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Evaluating a Startup as a Potential Employer

By Neil Patrick

If you have read the previous two posts (Startup Jobs and Understanding Startups), I hope you are now feeling more positive about the opportunities and benefits of joining and working for a startup. By exploring opportunities with startups you really have very little to lose and potentially a great deal to gain -- provided you know what’s what.

It’s critical, of course, to choose the right startup to join. You need to be able to distinguish the future stars from the lemons so you will hopefully avoid the lemons.

Before You Decide to Join a Startup...

Here are the top three things you must know before you make the decision to either join a startup or walk away.

1. What stage are things?

Lots of businesses call themselves startups.

Many are nothing more than someone who has come up with an idea and convinced themselves it’s going to be huge. And that’s it. They have no prototype, no capital, no premises, and no staff. Nothing.

It’s just them and their (possibly) "brilliant" idea.

At the other extreme, there are businesses that are trading, which have investors, customers, staff, premises and a service or product.

But because they are still in the early stage of their anticipated growth, they still consider themselves startups. They may well be at a point where they need to secure more funding for the next stage of their growth.

Position on the Startup Continuum

So when you hear a business is considered a startup, the first thing is you must be able to do is to establish where they are on this continuum.

  • Generally speaking, businesses at the beginning of this continuum have no ability to pay you from their business revenues. Because there are none.

    Sometimes a startup founder may be independently wealthy or have access to other capital through personal connections and this can remove this obstacle. But these are the exception not the rule.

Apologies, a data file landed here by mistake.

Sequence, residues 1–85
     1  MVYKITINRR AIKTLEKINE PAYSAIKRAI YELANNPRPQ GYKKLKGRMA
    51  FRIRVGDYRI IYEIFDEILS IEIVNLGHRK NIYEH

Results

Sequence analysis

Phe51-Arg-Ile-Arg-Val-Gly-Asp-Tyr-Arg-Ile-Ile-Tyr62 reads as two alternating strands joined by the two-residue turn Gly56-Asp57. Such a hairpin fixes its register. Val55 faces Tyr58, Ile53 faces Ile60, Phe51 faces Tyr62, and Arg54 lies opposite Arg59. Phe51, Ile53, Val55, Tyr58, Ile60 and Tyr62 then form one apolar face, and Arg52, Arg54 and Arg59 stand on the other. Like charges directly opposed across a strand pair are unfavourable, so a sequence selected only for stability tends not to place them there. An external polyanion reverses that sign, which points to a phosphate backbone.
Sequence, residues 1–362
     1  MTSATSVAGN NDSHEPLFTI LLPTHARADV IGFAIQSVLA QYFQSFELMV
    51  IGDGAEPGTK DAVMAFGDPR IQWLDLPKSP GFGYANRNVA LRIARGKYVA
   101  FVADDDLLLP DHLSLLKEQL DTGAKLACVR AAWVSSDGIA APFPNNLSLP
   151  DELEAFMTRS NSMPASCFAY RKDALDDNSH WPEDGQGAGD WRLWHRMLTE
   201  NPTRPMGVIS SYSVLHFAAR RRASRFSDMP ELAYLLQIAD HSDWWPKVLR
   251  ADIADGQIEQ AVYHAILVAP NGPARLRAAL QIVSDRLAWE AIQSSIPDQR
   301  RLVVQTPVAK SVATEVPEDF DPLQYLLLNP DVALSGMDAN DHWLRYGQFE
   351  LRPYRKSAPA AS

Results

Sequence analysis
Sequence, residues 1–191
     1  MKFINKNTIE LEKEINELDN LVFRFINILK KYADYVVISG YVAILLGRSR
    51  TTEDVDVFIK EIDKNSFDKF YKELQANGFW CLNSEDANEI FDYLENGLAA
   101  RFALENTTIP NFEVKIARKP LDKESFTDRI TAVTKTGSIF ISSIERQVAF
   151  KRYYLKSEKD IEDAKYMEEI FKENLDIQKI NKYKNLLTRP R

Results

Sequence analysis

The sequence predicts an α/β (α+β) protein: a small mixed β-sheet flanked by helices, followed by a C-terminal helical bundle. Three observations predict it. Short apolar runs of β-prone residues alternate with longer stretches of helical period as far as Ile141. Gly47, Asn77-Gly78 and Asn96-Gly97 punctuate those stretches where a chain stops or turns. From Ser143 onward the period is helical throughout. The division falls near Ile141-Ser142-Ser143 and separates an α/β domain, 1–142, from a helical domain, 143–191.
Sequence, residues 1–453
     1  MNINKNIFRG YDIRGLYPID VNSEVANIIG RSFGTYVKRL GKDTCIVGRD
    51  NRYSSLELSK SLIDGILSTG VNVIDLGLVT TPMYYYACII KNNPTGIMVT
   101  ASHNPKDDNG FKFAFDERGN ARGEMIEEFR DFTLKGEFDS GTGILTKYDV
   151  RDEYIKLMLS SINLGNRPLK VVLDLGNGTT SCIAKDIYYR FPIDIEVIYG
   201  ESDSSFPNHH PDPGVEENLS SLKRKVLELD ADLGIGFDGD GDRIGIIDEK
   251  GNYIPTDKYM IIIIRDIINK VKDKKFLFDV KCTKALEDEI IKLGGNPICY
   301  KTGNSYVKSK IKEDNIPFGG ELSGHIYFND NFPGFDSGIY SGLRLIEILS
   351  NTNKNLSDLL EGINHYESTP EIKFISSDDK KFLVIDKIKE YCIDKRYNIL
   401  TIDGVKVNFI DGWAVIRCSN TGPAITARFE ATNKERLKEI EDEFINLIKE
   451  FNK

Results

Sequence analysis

So, unless you are completely convinced by the brilliance of the idea and its prospects of success, AND you can afford to work possibly for no pay for an unknown period of time, walk away, or negotiate a deal where you will be paid upfront or in the form of future equity (more on this later).
  • The further a startup gets along the continuum however, the less risky it is and the more ability the business has to pay you. This doesn’t automatically mean that you’ll have a secure job there for the next 10 years, but it does mean you’ll get paid for as long as the business is able to.

[Read Understanding Startups to see the six key stages of a startup.]

Cashflow Position

Note the key words, "able to" (above.) Startups can have very wobbly cashflows. For example if the business has been over-optimistic in its recruitment of people or its investment in premises and consequently is carrying large overhead, any unexpected delay, costs, or blips in its revenue stream can result in there being no money to pay staff.

So, try to find out what the business’s cashflow position is. It’s a reasonable question to ask. You don’t need to audit the accounts to do this. You just need to know what the monthly incomes and costs are. If the incomes can cover the costs, then you can take some comfort that the business is probably not going to collapse in the short term.


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2. Who is involved, and what’s their track-record?

Step two is look at who is involved. The track record of the key people in the business is vital to know. If the founders have a track record of success in the same or a similar business, not only are the success prospects much better, but you also can have more confidence they will be succeed. They will be doing something they know well. This makes a huge difference in their probability of success and consequently your job prospects.